An open letter to Universal Music Group


Dear Universal Music Group:

I am the proprietor of a music blog ( We have a small but (I hope) devoted following–in April 2009 we have averaged over 800 hits per day.

Yesterday I published a post entitled “The Best of Music of 1980,” which is exactly what it sounds like–I highlighted the very best albums of that year.

One of the albums I highlighted was by a band called Blue Angel. I was excited to be able to draw attention to this band, because their self-titled and only album is unknown except for to the most hardcore record collector. This is an unjust fate, not only because it is a terrific album, but also because it is at least somewhat historically important as the first appearance on record of future pop star Cyndi Lauper.

The album was out of print for twenty-five years before being brought back into print by Hip-O Select, a label for collectors, in a limited edition of 5,000 copies in early 2005. I bought one, but in the ensuing four years, they have failed to sell the remaining 4,999. The album deserves better.

The reason no one is buying the album is because almost nobody has heard a single thing off it. I wanted to change that, so I planned on highlighting a song from the album, “Fade.” I made an amateur video and uploaded it to YouTube, intending to embed it in my blog post.

When I went to embed the video, I found that YouTube had blocked it at your request.

It’s your content, and your right to block it. However, this strikes me as counterproductive. Almost no one has heard Blue Angel, and almost no one can hear Blue Angel. I can tell people all day long what a great album this is, but no one is going to buy it based upon my say-so. But I think many would if they could hear a song or two. Sites like YouTube and blogs like mine are the only places that could happen. No one is going to play Blue Angel on the radio. If a video even exists, MTV is not going to play it.

There are no official Universal Music Group videos for Blue Angel at YouTube. However, if there were, I couldn’t showcase them at my blog anyway, because all Universal Music Group songs at YouTube have embedding disabled. This baffles me–how does it protect your copyright to force people to go to YouTube rather than viewing the exact same thing embedded in the context of a positive review on a site such as mine?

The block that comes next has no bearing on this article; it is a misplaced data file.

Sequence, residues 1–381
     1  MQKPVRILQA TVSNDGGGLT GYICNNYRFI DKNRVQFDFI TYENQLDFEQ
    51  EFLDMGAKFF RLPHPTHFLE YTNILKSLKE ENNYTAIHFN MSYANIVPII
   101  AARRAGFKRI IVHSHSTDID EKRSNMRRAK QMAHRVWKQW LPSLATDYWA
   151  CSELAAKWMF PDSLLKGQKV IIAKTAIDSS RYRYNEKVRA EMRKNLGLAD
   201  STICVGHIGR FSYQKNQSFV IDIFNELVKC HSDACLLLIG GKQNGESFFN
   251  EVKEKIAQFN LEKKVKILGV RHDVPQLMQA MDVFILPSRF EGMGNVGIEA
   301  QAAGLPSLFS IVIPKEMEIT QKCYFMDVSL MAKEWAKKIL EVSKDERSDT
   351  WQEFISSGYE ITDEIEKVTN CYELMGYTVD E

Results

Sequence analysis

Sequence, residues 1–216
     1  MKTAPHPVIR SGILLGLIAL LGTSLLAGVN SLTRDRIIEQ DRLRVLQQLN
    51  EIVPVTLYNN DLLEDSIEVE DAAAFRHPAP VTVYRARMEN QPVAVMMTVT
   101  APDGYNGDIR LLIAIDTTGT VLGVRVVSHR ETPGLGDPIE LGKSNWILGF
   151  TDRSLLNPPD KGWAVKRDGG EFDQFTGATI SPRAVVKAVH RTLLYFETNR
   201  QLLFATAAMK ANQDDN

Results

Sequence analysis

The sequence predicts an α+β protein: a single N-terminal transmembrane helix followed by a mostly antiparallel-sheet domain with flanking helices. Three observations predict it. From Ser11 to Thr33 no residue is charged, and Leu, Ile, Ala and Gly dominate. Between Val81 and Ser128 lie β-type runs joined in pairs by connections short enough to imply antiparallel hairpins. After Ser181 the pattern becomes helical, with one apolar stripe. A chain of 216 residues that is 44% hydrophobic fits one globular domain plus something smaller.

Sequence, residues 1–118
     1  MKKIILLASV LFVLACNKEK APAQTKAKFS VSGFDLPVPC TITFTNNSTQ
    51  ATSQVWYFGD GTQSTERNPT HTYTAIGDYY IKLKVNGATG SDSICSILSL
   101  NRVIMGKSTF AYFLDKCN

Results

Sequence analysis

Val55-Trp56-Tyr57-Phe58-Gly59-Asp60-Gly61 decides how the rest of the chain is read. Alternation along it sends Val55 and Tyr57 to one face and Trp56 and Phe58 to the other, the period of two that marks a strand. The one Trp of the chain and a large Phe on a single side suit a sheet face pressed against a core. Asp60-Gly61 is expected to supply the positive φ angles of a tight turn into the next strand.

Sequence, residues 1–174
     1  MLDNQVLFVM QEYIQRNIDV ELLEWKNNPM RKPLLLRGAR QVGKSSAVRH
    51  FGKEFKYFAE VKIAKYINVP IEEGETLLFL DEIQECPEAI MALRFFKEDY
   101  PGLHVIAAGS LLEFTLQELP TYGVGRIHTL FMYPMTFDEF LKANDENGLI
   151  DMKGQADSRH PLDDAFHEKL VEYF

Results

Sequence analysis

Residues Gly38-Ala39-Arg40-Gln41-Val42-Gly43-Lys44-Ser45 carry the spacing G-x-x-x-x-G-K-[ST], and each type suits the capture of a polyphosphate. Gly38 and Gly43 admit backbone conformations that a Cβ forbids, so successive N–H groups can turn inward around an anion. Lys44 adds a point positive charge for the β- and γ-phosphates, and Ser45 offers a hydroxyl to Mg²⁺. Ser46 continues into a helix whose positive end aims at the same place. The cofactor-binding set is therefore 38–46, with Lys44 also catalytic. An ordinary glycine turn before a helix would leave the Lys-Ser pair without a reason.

My suggestions are as follows:

  • Enable people like me to embed videos from Universal Music Group on blogs and other websites.
  • If an official Universal Music Group video for a song does not exist, create an easy way for people like me to request permission to create a fan video. Require that the video highlight that the music is copyright Universal Music Group so there will be no question who owns the rights.

I am a lover of music, and when something is unjustly obscure, I want to promote it. I want the whole world to run out and buy this wonderful album that has brought me such joy. There are thousands of people out there like me, who want to help deserving music, some of it owned by Universal Music Group, reach a larger audience.

If you will give us the tools to showcase your songs, artists, and albums, I believe it would be beneficial both for your business and for music lovers all over the world.

Please consider this. Thank you for reading.


Gordon Winslow
On Deaf Ears


One Response to An open letter to Universal Music Group

  1. musiclover says:

    I had a similar experience with UMG. Call me crazy, but isn’t a music video supposed to be a promotional tool!? Why then, would UMG, in their intifinite wisdom, supress embedding on almost ALL of their artists’ videos? Why wouldn’t you want bloggers and other music lovers to spread the word about a particular artist? Are you retarded UMG? I guess they just make videos because it’s something fun to do.

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